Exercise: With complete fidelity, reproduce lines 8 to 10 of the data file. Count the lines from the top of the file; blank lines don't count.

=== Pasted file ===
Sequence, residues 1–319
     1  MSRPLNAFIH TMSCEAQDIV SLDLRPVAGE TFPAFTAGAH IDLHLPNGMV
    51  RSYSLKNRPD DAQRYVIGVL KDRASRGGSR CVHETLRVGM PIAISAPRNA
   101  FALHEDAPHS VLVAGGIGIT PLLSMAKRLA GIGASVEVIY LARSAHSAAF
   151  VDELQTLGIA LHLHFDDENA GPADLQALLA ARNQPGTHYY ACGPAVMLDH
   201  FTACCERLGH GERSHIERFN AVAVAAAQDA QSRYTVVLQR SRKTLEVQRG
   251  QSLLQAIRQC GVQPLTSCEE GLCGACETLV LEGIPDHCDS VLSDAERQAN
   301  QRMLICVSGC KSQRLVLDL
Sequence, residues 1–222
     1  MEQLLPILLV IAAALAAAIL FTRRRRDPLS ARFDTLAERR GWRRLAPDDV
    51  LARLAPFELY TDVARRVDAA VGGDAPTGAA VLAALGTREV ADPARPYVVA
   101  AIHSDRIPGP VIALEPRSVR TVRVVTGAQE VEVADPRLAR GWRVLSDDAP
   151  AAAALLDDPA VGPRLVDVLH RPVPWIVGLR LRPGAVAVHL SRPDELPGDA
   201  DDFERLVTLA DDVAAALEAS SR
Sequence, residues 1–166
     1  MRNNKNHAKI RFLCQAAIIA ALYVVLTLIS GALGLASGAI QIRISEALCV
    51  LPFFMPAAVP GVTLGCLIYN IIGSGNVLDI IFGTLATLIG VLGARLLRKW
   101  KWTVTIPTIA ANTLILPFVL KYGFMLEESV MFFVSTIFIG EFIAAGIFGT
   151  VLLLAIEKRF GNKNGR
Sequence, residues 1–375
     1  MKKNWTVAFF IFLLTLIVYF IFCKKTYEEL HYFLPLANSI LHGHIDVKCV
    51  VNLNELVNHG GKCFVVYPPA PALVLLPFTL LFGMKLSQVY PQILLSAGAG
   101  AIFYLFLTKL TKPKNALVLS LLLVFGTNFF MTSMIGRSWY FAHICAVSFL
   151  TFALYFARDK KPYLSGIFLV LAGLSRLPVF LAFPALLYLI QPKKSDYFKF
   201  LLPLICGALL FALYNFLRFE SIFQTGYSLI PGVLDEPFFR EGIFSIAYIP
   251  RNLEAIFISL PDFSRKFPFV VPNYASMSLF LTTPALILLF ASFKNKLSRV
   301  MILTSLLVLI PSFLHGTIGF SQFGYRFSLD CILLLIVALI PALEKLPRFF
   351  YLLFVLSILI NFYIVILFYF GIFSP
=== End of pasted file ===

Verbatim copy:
   301  QRMLICVSGC KSQRLVLDL
Sequence, residues 1–222
     1  MEQLLPILLV IAAALAAAIL FTRRRRDPLS ARFDTLAERR GWRRLAPDDV